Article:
ADHD In College Students
Dr. Brian Anderson, associate professor in the Department of Psychological and Brain Sciences at Texas A&M University, helps explain ADHD and how it can negatively impact academic success.
By Sydnie Harrell, Office of Undergraduate Studies at Texas A&M University
College students with ADHD (attention-deficit/hyperactivity disorder) can exhibit less confidence in their academic ability, often receive lower grades than peers and tend to be more concerned about social relationships according to an article published in PubMed Central. These circumstances can negatively impact a student’s success, especially if they do not receive an ADHD diagnosis until college.
Dr. Brian Anderson, associate professor in the Department of Psychological and Brain Sciences at Texas A&M University, has been studying attention for the past 12 years. Since ADHD is on the periphery of his research, Anderson provided his general understanding based on his experiences.
“If students can maintain acceptable academic performance during the pre-college years, they may not be aware of the extent of their condition until the demand for sustained attention is great enough to bring their limitations to light,” Anderson said. “ADHD can look different for different people.”
Disability Resources Assistive Technology Coordinator Justin Romack, who has been working at Texas A&M University for seven years and is diagnosed with ADHD, provided a resource perspective on the subject.
“A lot of times students, especially with nonapparent disabilities like ADHD or mental health, aren’t diagnosed with those things until they get into college,” Romack. “Sometimes students are like ‘But I’ve been fine until this point.’ Well, you’re fine now; the barriers are just a little different in this environment, so we need to work together to figure out what those are.”
Challenges of Having ADHD in College:
Academics – According to an article published earlier this year in the “Journal of Clinical Child and Adolescent Psychology,” some college students with ADHD had lower GPAs than students without ADHD. “Academic performance is one of the most typical contexts in which life impairment due to ADHD is experienced,” Anderson said.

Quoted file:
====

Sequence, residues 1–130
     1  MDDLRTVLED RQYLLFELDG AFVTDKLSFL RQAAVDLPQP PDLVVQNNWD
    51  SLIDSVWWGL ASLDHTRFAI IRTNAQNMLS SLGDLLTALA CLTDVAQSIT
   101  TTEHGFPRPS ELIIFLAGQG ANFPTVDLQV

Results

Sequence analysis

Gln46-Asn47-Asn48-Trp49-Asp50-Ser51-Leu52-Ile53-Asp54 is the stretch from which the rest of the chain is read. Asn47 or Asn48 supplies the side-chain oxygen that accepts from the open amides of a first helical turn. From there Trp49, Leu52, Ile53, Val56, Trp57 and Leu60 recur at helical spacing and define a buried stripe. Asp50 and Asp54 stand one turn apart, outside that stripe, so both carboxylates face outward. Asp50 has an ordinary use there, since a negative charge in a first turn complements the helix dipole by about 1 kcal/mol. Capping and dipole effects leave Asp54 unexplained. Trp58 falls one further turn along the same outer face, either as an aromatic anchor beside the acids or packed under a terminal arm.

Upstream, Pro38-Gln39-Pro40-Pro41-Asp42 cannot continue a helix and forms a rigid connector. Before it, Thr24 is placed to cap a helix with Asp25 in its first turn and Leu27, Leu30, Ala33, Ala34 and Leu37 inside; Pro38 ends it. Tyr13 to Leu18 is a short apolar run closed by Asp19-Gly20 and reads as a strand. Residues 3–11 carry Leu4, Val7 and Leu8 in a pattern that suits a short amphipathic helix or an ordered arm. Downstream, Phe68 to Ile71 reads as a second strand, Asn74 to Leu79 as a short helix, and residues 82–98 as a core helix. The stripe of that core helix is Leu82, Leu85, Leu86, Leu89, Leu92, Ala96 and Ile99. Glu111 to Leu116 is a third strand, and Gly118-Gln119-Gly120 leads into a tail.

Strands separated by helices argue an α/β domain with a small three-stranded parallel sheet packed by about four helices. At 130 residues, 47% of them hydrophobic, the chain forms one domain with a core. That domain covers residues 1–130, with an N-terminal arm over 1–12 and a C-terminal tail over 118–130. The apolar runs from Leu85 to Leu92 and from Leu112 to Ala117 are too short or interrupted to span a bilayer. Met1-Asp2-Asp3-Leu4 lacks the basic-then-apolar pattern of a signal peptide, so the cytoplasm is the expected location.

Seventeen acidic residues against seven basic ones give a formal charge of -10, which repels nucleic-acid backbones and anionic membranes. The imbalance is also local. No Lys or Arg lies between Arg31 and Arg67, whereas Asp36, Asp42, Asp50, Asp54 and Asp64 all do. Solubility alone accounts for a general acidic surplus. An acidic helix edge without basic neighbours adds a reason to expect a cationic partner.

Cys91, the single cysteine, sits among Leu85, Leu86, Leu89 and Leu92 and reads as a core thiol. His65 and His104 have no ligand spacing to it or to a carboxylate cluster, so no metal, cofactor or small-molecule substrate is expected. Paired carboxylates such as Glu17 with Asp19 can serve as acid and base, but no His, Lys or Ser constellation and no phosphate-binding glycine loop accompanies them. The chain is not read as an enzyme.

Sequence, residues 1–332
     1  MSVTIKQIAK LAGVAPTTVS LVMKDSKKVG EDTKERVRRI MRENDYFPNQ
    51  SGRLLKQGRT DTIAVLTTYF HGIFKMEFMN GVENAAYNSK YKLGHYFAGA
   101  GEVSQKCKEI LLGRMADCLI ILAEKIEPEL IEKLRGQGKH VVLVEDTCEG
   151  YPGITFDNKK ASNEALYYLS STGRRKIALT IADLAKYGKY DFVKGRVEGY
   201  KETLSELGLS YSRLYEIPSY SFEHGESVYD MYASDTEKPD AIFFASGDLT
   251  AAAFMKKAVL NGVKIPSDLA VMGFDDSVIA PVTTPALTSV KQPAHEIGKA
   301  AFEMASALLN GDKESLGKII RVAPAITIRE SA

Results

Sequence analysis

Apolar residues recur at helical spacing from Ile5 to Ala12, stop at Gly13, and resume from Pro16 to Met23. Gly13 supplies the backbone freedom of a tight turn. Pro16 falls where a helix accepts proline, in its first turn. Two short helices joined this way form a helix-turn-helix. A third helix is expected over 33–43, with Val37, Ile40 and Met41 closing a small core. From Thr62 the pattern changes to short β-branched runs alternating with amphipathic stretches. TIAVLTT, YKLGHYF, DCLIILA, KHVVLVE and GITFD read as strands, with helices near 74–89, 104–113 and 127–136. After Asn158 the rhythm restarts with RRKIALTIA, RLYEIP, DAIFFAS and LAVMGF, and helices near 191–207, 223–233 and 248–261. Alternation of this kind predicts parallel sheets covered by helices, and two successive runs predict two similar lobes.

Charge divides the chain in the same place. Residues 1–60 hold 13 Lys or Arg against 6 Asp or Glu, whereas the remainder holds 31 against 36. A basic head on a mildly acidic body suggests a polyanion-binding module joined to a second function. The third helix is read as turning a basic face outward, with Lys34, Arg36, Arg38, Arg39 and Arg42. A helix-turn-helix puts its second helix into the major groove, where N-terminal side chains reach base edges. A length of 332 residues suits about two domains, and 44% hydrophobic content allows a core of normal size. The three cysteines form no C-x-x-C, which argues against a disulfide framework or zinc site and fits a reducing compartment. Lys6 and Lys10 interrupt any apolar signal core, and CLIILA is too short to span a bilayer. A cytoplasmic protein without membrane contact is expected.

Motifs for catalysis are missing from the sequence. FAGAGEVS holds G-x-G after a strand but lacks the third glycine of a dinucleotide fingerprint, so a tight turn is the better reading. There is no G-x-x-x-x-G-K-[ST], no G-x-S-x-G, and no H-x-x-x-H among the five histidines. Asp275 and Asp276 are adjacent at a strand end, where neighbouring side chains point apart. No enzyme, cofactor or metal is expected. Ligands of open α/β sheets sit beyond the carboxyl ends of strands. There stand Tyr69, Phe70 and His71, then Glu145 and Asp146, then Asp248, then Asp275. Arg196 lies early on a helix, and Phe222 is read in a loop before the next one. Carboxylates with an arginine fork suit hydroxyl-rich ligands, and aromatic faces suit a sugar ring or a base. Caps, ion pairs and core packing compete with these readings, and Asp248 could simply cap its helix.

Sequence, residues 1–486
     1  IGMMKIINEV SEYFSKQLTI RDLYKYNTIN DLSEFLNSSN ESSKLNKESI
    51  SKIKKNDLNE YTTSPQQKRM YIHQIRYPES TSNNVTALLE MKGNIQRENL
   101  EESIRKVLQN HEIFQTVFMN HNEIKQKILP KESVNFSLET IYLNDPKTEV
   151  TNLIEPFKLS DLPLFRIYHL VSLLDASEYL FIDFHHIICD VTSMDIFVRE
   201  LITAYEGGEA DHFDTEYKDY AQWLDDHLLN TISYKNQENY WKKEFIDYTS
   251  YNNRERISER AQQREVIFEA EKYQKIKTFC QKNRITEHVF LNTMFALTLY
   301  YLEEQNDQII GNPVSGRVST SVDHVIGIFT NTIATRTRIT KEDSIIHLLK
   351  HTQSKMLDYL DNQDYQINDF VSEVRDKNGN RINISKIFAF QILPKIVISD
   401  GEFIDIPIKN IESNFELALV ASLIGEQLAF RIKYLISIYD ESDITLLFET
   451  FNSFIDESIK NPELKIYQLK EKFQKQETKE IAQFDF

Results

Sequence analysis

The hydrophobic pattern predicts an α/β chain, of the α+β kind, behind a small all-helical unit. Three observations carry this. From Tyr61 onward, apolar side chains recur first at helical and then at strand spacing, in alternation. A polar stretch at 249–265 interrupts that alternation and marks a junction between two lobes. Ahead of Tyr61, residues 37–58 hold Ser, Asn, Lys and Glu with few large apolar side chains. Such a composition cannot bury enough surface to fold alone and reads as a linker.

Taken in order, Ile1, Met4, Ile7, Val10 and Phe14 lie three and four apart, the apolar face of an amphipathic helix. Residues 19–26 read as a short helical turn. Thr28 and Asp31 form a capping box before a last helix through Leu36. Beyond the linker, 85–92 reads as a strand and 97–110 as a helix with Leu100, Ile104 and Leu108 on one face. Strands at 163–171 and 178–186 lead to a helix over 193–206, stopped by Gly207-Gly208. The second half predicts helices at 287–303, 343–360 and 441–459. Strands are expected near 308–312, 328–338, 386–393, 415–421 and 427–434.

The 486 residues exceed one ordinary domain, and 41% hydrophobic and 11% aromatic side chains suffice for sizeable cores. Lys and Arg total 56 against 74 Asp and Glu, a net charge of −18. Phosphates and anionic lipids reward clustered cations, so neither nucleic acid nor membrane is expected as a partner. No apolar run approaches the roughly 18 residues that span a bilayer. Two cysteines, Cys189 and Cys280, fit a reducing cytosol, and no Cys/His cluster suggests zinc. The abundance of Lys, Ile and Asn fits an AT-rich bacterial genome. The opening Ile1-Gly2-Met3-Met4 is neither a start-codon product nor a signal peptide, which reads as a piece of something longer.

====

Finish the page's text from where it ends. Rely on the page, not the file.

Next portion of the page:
Being seen as “lazy” – A senior at Texas A&M, who chose to remain anonymous so as to not disclose her medical information, said she wasn’t diagnosed with ADHD until her senior year of college because her symptoms were blamed on laziness. “In [others’] eyes, I was just a quiet, studious girl who just had a tendency to hyper-focus on things and be ‘lazy,’” the student said.
Time management – High school often has more structure compared to college; adjusting to a more flexible environment can be challenging and negatively impact a student’s academic performance and social life. “I struggled with studying, time management and hyper-focusing on grades, social life and unfortunately food,” the student said.
Seeking Resources and Accommodations:
For those struggling with ADHD, Disability Resources offers equitable accommodations including, but not limited to, increased time for testing, limited-distraction environments and access to note-taking services.
“Our primary role in working with students is determining and facilitating academic accommodations,” Romack said. “For a student with ADHD, that’s engaging with them to understand what that disability means to them, the barriers they encounter in their academics, what accommodations they may have used before and [finding] some we think are reasonable given the barriers they face.”
Romack added that students often hesitate to reach out to Disability Services for two reasons: they’re concerned their disability will be made public to the campus community or that they will have an unfair advantage over other students. Romack said that all filed disabilities are confidential to their office and that it is up to the student on whether they want to disclose that information.
“Our focus is equitable access; it’s not an unfair advantage, it’s not a level up, it’s not a handout, it is ‘Hey student. You earned this moment. We want to make sure that you have equity to access all that comes along with that,’” Romack said.
For students that think they may have ADHD, Disability Resources provides a list of evaluators every semester. If they do receive a diagnosis, students should follow the steps of reaching out to Disability Resources, self-reporting and providing documentation. From here, accommodations can be discussed, and students may be referred to additional campus resources such as the Academic Success Center (ASC).
More information on Anderson’s research can be found here. Additional resources for students with ADHD include Counseling and Psychological Services (CAPS) and the Counseling and Assessment Clinic (CAC).
Editor’s Note: Originally published here by the Office of Undergraduate Studies at Texas A&M University.